Scant evidence for drug needle spike in Mandurah

Some residents are worried about the prevalence of discarded needles.
Scant evidence for drug needle spike in Mandurah
Some residents are worried about the prevalence of discarded needles.

MANDURAH residents are becoming increasingly frustrated by the needles for drugs that are being left in public places.

Michael Utteridge said he was disgusted when he found a needle on the ground at the Mandurah Forum carpark.

A spokesman for the Forum said they cleaned the carpark and gardens regularly.

“This is designed to ensure these areas are clean and presentable for the public,” he said. “If a needle is discovered as part of the cleaning program, there is a prescribed method for handling and disposing of the needle in a safe manner.”

Mr Utteridge said friends of his had also found needles around Mandurah.

He said one of these needles was found near a primary school.

Riverside Primary School principal Deborah Bloor said the last report her school had received regarding drug needles found near the school was two years ago.

Needle exchange program encourages intravenous drug users to use the service.

In 2013, it was reported that 30,000 needles were exchanged each month at the Needle and Syringe Exchange Program (NESP) on Tuckey Street.

That number has increased in 2015 by 3000 needles a month.

Palmerston Association chief executive Sheila McHale said 33,000 needles exchanged in the last month is 33,000 needles that don’t end up on the streets.

“While the local Mandurah team at Palmerston are not aware of any increase in needles on the streets or in parks, it is possible that new drug users may not know that there is a safe non-judgmental way of disposing of used needles, as well as accessing clean needles,” she said.

“On average we exchange 30,000 needles per month to more than 300 people.”

Ms McHale said the people using the service were respectful and understood the importance of minimising harm to themselves and the community.

“Our service is word of mouth however,” she said.

“So with increasing meth (amphetamine) use in the community, (which can be injected or smoked) there are people we would like to reach to offer them a way of keeping them and the community safe.”

The typical drug user is older and a third of heroin users are more than 40 years old, according to the National Drug and Alcohol Research Centre (NDARC).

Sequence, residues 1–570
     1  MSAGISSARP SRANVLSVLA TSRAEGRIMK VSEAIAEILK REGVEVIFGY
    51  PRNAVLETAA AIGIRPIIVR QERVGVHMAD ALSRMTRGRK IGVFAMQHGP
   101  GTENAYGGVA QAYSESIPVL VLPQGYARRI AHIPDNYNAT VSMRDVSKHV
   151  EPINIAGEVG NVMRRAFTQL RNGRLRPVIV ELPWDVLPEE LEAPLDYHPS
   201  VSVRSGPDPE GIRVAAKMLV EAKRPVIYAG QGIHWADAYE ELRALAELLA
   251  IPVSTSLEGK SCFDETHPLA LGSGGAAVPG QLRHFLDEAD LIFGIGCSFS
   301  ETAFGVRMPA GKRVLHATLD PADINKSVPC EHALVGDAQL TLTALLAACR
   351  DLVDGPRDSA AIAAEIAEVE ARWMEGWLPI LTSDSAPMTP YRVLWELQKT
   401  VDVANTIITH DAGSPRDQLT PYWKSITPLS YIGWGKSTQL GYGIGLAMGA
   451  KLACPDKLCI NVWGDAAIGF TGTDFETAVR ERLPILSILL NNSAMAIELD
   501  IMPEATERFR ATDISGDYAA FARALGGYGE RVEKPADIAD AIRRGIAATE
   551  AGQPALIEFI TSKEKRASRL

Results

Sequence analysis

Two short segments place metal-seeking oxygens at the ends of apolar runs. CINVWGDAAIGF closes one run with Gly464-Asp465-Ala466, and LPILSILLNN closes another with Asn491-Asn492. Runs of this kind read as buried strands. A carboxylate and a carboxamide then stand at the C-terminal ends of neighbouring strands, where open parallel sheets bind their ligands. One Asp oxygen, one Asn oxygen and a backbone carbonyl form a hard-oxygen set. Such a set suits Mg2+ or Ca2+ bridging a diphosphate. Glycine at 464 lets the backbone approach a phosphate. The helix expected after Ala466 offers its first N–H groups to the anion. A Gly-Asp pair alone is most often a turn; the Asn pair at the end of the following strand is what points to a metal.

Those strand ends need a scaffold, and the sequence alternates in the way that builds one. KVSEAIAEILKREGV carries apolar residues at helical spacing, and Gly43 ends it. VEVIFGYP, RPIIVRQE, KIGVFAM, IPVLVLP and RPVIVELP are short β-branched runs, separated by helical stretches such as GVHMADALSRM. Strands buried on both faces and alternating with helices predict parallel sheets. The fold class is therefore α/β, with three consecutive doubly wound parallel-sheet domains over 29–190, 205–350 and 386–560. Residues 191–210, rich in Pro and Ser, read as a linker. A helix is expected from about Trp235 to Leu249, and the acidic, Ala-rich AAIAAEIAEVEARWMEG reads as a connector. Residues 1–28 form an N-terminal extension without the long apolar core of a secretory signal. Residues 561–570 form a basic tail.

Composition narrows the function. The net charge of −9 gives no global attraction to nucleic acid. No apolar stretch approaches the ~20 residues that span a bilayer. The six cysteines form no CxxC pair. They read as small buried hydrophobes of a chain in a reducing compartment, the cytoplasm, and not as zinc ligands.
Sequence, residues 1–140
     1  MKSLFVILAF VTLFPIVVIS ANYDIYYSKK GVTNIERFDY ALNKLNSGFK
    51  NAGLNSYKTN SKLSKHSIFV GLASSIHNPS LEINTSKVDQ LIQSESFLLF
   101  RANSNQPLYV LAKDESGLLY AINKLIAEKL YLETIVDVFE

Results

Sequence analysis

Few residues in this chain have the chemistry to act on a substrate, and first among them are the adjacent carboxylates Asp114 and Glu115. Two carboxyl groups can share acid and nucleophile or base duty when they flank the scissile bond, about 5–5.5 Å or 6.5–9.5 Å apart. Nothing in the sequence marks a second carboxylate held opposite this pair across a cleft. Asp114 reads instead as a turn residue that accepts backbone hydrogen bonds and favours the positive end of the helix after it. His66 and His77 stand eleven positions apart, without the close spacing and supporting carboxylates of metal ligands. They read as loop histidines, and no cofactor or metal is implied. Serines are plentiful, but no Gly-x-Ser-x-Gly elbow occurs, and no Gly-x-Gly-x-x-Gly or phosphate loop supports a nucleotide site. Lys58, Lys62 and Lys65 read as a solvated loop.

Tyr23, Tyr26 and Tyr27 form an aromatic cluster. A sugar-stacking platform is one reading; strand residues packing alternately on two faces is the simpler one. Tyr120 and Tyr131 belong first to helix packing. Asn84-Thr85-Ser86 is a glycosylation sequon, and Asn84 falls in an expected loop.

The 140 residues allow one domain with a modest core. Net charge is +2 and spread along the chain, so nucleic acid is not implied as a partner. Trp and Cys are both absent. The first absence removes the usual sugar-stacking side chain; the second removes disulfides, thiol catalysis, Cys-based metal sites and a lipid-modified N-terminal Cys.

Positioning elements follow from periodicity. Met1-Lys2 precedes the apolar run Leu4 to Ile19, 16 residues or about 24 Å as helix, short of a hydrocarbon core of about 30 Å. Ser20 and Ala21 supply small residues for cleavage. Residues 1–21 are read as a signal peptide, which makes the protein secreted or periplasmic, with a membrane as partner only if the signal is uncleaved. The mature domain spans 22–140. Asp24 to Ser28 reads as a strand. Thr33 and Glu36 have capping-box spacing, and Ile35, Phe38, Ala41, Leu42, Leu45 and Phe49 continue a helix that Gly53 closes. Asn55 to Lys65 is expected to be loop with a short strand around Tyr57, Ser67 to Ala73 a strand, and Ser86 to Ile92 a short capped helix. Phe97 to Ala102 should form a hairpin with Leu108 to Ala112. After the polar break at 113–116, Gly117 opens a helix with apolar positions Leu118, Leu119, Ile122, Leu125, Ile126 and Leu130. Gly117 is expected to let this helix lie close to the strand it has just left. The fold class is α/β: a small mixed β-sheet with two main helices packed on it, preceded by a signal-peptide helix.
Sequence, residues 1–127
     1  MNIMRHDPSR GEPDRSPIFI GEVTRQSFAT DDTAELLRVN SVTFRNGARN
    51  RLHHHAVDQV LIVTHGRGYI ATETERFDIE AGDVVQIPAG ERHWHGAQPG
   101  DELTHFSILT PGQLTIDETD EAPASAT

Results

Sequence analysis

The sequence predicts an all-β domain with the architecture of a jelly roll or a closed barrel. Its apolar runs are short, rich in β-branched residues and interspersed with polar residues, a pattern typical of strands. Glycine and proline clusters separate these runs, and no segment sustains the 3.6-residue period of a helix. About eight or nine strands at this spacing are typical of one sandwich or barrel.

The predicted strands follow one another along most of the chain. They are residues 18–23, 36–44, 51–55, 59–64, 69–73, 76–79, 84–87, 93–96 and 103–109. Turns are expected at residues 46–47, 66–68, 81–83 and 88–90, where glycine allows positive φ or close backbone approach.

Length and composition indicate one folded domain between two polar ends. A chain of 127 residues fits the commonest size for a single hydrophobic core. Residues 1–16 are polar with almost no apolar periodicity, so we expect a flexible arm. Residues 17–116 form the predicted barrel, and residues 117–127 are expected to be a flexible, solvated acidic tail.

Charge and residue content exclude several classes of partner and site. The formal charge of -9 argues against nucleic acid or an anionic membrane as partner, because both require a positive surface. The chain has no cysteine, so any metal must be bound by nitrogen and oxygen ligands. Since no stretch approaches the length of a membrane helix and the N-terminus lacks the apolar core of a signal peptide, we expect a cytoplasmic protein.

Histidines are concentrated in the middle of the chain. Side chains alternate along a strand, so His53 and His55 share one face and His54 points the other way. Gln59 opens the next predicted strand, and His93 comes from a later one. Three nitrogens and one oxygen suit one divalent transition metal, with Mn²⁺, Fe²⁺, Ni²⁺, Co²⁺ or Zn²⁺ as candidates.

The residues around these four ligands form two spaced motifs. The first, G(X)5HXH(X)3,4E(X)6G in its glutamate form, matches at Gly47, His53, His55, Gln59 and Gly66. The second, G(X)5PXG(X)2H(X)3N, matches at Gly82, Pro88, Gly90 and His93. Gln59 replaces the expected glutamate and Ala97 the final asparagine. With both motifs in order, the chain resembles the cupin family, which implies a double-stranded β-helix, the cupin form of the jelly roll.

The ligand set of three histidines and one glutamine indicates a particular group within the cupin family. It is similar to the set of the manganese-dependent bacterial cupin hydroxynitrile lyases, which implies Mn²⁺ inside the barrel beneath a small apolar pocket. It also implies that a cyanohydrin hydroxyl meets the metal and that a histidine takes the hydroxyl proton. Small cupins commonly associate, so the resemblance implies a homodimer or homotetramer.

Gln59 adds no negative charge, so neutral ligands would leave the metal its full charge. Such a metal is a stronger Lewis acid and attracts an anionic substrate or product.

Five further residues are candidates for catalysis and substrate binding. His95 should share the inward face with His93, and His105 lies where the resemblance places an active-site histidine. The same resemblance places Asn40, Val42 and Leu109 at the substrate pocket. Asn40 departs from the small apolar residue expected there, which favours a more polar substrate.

Their 2015 Illicit Drug Reporting System national survey found that the majority of intravenous drug users were injecting heroin, followed by methamphetamine.

Their report Drug Trends 2001-2013 found that methamphetamine use has increased by 6 per cent among people who inject drugs.

Their data revealed that 67 per cent of people who inject drugs used crystal methamphetamine.

Frequency of heroin use increased among people who used drugs to an average of every second day.

The report said heroin use remains low among the broader Australian population at less than 1 per cent in 2010.

People who receive a needle-stick injury should wash the injury and seek medical advice.

Local GP Rupert Backhouse said in his years of practice he had never known someone to contract a disease from a needle stick injury.

He said he was cynical of statistics published in relation to drug use.

“I don’t think more people are injecting drugs; the variety of drugs has changed and the purity of methamphetamine has changed,” he said.

“People have been injecting forever.”

Dr Backhouse said people injected drugs because it was quick-acting, more efficient and users got the same high from smaller amounts.

He said people who used intravenous drugs in public places “just don’t care”.

“They try to keep it hidden from their associates and family,” he said.

Dr Backhouse said members of the public needed to be less judgemental about people using intravenous drugs and let them know there are safe places to exchange needles.

“If everyone is honest, they all show addictive behaviour,” he said. “There’s a prejudice against drug users, who are no different to people drinking alcohol.”

He encouraged people to make sure their immunisations against hepatitis B were up to date.

There are nine sharps containers for the disposal of drug needles in the City of Mandurah.

A City of Mandurah spokesperson said they met regularly with health care professionals, including the Department of Health and Palmerston, to monitor trends in needle exchanges and assist with community education.

Sharps containers are located at the Eastern Foreshore, Hall Park, Marina South Harbour, Marina Town Beach, Mewburn Centre, Peel Street, Madora Bay Central, Madora Bay South and Milgar Reserve (Caterpillar Park).